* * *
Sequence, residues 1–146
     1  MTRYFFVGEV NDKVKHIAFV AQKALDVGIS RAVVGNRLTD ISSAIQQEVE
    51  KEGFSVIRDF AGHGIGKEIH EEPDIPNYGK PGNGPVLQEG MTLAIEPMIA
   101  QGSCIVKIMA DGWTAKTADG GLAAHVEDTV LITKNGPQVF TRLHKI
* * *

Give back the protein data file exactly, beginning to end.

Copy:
Sequence, residues 1–146
     1  MTRYFFVGEV NDKVKHIAFV AQKALDVGIS RAVVGNRLTD ISSAIQQEVE
    51  KEGFSVIRDF AGHGIGKEIH EEPDIPNYGK PGNGPVLQEG MTLAIEPMIA
   101  QGSCIVKIMA DGWTAKTADG GLAAHVEDTV LITKNGPQVF TRLHKI